Sheyla Alvarado

I was born in Guaymas, Sonora and I lived there until I was eighteen years old. I lived with my parents and my siblings and I was very active as a child. I was creative and I liked being out in nature. My mother was a hard working teacher. Our house had an open floor plan and the kitchen was very small. My sister and I had to help out around the kitchen, making the fruit waters and heating up the food. My mother was very busy but we didn't eat out in the street, my mother always made us our food. She learned how to cook from her mother and her grandmother who worked as cooks for the workers in the agricultural industry. The food was very traditional Mexican food with heavy emphasis on meats, wheat, dairy and beans, northern style.

When I was eighteen years old, it was a crucial moment for me to decide what I wanted to do in my professional life. I was preparing for a career in tourism but I was uncertain. There wasn't a lot of work in gastronomy but I decided that I wanted to work as a cook so I looked up cooking schools. I wanted to study in Tijuana but my father didn't want me in Tijuana so when I found another school in Ensenada. I found an apartment and lived alone. It was hard but I liked the things that I was learning. I felt that it was similar to Guaymas in terms of the people and the seafood. I thought I understood what it would be like to start my career in Baja but when I graduated, I was hit with a sudden case of nostalgia and I went back to la marina de San Carlos in Guaymas to begin working in a restaurant. I started at the bottom and learned a lot but Ensenada was really growing at the time and I regretted my decision so soon thereafter I went back to Ensenada.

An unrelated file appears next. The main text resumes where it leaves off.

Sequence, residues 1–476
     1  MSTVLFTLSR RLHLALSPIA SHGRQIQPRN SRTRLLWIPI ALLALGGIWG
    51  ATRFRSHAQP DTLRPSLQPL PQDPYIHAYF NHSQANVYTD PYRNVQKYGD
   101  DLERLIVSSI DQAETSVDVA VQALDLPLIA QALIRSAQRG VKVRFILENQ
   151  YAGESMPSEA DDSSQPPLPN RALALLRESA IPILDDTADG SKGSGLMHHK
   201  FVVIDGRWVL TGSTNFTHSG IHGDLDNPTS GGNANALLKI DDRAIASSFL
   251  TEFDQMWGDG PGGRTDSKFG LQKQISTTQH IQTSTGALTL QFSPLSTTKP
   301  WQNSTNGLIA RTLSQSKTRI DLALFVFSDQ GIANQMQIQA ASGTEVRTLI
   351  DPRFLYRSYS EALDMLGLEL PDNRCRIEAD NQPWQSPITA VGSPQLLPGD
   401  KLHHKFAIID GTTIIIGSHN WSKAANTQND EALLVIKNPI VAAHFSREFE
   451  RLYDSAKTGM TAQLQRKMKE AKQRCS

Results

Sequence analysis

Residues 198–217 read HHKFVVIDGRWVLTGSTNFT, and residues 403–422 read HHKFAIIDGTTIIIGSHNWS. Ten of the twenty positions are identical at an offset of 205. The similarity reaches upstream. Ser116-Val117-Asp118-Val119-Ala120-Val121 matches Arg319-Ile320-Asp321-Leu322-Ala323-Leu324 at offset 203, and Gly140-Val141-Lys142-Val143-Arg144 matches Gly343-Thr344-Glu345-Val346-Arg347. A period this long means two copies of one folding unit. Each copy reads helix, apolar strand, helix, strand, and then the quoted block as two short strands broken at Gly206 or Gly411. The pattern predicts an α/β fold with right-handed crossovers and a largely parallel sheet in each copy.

My first job was at La Contra in Ensenada. It was a small restaurant with a great concept and I learned to cook from scratch and about the nutritional content of our food. I loved to work with firewood and the ovens. A year later, I headed towards Valle de Guadalupe and I landed at El Cielo Winery. I was there for the opening of the restaurant with Ryan Steyn. Next, I went to Encuentro Guadalupe and next I landed at La Lomita in April 2015. I started as the sous chef and eventually I became the executive chef for Tras Lomita and La Lomita. We make the food open air family style from scratch.

I think that my career has been defined by perseverance. I think that I have consistently found myself playing second fiddle a lot but by working hard, my talent has allowed me to rise to the top. I use certain ingredients from Sonora but most of my cooking has been washed over by Baja California.

I am not married but I live with my boyfriend and we have a dog. We do not have children. I haven't begun to make the decision to have children or to plan that decision just yet. My work in gastronomy feels somewhat temporary so I think I want to give it a little time.